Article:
Northanger Abbey is largely a novel about novels and about reading habits. This book has an odd sort of self awareness of itself as a novel and the narrator often steps back from the story she's telling to consider it as a story. Rather than just tell us about Catherine, we learn about Catherine as a heroine and as a fictional character. Gothic novels are lampooned, or made fun of, here as well, and the text considers the oftentimes disastrous effects of certain kinds of reading habits. It's a rather complicated venture, but Northanger Abbey not only considers the effects that literature has on its characters; it also considers the effect Northanger Abbey the novel has on its real world readers.
Questions About Literature and Writing
The narrator often pauses in the text to refer to the text as a novel, referencing heroines, plot devices, and chapters. What is the effect of Northanger Abbey's awareness of itself as a novel?
The narrator delivers a lengthy spiel on novels and reading habits at the end of Chapter 5. What is the narrator saying here, and how is this significant to the text as a whole?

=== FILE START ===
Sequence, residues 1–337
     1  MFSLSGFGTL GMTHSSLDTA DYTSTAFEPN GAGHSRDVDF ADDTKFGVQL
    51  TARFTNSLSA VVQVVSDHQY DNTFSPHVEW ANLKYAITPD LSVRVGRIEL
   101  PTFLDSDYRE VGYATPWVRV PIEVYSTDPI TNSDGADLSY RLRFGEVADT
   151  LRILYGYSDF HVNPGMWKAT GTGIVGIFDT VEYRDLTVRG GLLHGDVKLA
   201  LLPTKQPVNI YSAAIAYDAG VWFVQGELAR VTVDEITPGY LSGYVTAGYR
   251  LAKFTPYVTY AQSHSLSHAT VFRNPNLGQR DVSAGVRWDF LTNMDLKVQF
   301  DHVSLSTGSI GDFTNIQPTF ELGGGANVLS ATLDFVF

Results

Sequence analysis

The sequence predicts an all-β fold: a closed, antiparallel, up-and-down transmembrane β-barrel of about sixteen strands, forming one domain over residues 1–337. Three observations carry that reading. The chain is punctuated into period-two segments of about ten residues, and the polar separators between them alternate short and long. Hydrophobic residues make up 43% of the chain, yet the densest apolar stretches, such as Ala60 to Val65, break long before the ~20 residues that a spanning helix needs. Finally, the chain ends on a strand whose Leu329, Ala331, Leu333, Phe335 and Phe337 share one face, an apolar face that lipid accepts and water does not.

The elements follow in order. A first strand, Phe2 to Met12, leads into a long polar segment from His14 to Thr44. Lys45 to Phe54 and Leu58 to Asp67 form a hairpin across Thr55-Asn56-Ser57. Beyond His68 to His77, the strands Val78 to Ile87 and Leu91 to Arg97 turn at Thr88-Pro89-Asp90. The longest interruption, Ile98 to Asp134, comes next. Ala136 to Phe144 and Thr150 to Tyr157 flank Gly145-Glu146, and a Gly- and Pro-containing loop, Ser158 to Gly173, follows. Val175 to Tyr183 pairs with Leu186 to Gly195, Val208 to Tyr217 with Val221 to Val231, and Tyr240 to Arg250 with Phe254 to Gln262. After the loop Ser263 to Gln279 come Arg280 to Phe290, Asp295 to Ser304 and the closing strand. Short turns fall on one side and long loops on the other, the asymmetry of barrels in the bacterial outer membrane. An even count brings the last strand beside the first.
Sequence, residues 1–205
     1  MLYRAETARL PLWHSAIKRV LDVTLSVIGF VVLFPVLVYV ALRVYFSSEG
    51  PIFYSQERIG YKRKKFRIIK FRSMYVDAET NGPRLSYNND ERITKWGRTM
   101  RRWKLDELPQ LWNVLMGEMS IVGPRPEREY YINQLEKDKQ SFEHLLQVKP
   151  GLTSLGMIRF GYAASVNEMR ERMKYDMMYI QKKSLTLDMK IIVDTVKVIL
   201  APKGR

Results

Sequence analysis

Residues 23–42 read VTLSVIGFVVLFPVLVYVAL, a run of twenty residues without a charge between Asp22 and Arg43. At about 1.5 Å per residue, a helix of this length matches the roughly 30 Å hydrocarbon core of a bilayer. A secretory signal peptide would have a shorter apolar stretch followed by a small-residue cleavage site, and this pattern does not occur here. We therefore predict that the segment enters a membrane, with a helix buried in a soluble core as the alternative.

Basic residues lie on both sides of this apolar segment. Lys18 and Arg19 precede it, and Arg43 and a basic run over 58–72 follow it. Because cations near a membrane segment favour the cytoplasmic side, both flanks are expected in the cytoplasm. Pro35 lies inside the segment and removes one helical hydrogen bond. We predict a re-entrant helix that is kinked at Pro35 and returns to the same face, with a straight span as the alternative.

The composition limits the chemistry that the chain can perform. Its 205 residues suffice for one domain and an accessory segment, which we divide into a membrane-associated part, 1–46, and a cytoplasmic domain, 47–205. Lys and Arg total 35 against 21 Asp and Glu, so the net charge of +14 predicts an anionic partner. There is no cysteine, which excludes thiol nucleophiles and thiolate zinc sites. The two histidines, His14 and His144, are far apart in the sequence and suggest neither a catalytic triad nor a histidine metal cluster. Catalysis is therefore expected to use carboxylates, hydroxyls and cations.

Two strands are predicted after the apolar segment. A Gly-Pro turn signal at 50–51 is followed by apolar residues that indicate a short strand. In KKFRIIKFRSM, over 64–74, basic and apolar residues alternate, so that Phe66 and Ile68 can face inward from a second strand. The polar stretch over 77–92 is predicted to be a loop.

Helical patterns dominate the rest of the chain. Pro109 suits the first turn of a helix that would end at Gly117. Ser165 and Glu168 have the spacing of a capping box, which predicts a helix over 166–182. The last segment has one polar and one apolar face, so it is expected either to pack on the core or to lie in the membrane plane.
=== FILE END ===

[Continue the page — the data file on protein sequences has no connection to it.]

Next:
Catherine and Isabella both bond over the Gothic novels that they love to read. How do Gothic novels represent the type of relationship that Catherine has with Isabella?
Catherine traces many of her gaffes and problems back to the type of Gothic literature that she read. Is this true, and if so, what effect did Catherine's reading habits have on her behavior?
Isabella writing skills are really questionable, given the awful letter she sent to Catherine, which did nothing to restore Catherine's confidence in her. Do you think you could rewrite and improve upon Isabella's letter?
Chew on This
Though Catherine traces her mistakes back to the Gothic novels she read, her reading habits are really another symptom and not the cause of her behavioral issues.
Northanger Abbey is not about the problems of reading too much, but is instead about the problems of reading books in a certain way – i.e., too seriously.